One Monk of the Order of Saint Benedict

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The Word of God and the Body of God reveal each other -- the homily worships both.

May 01, 2008

pánta hósa échei ho patèr emá estin

A powerful masculine identity statement!
The Greek of John 16:15a— “ALL THAT THE FATHER HAS IS MINE.” [That’s one line from the Gospel reading for the Mass of Wednesday of the sixth week of Easter.]
When a child is born, whether male or female, the child is literally dependent on the body of a female, the mother, for life, for nourishment. Even if nourished with a manufactured feeding formula, the formula is a substitute for natural milk from the body of the mother.
However, if the infant is to grow into a healthy human person, he has to acquire a sense of personhood or personal identity that is independent of and distinct from the mother; and this is necessary for both male and female infants.
However, there is a difference.
A female infant can continue to hold onto identification with the mother and the mother’s body in terms of female gender.
While a female infant absolutely must acquire a sense of identity as person separate from the person of her mother, the female infant does not have to “break” with the gender identity of her mother— and it is best that she not do so.
A male infant must acquire BOTH a sense of personhood that is separated (“broken away”) from the personhood of his mother AND a sense of gender identity different from his mother’s; for this last separation, a male infant needs to “latch” onto, or identify with, gender-wise, a male, a father.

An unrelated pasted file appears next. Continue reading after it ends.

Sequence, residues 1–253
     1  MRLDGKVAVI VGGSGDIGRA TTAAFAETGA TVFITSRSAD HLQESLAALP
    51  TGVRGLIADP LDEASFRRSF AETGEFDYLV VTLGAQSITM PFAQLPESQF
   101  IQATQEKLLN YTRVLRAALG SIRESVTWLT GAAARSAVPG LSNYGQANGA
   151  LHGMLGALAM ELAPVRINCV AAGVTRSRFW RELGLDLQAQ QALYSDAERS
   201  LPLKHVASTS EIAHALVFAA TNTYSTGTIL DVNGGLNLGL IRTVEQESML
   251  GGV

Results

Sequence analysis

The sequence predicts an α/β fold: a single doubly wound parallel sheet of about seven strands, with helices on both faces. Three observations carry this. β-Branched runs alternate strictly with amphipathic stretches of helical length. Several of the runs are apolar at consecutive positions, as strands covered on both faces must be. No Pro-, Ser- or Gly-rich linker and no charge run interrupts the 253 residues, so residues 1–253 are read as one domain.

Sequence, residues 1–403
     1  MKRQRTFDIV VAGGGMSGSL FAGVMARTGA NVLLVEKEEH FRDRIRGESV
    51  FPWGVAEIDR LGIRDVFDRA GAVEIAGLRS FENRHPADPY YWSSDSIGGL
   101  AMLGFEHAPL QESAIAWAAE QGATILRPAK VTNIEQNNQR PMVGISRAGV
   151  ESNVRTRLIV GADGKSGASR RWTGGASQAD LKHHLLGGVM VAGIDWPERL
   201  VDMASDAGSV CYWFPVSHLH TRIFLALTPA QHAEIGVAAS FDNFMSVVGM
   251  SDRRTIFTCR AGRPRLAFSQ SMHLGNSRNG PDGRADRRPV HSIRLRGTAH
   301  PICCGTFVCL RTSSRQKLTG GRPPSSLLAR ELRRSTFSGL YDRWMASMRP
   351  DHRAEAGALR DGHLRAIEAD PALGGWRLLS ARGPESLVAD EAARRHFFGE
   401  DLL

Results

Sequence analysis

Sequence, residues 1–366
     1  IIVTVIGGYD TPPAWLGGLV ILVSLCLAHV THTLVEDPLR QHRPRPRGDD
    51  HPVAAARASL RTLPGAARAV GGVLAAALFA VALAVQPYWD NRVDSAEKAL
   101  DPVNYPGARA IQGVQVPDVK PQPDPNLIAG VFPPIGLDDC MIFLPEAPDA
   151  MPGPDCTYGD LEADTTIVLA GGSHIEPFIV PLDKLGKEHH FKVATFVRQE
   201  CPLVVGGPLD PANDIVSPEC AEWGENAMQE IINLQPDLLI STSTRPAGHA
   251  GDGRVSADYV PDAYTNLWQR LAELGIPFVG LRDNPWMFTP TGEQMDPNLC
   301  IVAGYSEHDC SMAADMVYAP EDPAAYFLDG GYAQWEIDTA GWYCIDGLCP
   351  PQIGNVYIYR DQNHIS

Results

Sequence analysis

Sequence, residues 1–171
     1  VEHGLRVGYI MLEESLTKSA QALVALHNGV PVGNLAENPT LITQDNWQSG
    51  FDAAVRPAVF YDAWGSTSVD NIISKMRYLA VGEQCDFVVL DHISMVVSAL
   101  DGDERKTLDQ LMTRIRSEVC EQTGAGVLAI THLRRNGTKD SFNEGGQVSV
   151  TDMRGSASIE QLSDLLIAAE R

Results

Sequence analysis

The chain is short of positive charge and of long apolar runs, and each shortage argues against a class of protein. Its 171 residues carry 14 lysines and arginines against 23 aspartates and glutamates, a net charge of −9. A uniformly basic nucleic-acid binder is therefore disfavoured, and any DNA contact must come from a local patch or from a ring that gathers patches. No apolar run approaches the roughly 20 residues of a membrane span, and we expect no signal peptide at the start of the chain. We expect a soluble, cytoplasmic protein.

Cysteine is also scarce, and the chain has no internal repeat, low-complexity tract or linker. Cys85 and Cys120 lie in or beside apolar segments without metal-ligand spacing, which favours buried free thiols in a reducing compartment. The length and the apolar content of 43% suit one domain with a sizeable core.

In terms of the body, in terms of roles to be played as a human being, in terms of emotionality, a male infant, a male child, needs to recognize, “All that my father has is mine.”
Jesus, in John 16:15a, “All that the Father has is mine,” is not expressing his sense of physical gender identity, so to speak.
Nonetheless, we cannot conclude from his words and his meaning that his identification with God his Father has NO relevance to his sense of human masculinity, maleness.
Jesus overtly uses specifically male titles for himself: Bridegroom; Son.
In the Gospel of John, Jesus is a male who is powerfully, absolutely sure of himself, his identity, his origin, his goals, his intentions, his wants, his expectations, his mission.
In John 16:12-15, Jesus powerfully affirms not only his sense of identity as Son of the Father, but also the way in which we can and must identify with Jesus, and thereby identify with the Father.
Unless we identify, as sons, with the Father, we cannot grow as men in Christ. [Women, too, need to identify and grow as daughters of the Father.]
However, while we can naturally identify with human persons, it is quite another thing to identify with God the Son and God the Father.
We cannot bear to do so, and Jesus alludes to that in this passage, revealing, nonetheless a supernatural power— the Spirit of truth— that enables us to be identified with Jesus and the Father.
I have yet many things to say to you,
When the Spirit of truth comes,
he will guide you into all the truth;
for he will not speak on his own authority,
but whatever he hears he will speak,
and he will declare to you the things that are to come.
He will glorify me,
therefore I said that he [the Spirit of truth] will take what is mine
and declare it to you.

Because of the Spirit we can bear to receive all that Jesus has as Son of the Father.
Jesus has all that the Father has.
It is the Spirit, then, that empowers us to be sons and daughters of the Father, even as Jesus is Son of God.
In Jesus, by the power of the Spirit, all that the Father has is mine, and I can bear it.
My (sinful) difficulty is that I am not daring enough, and so I settle for far less.

That God Be Glorified in All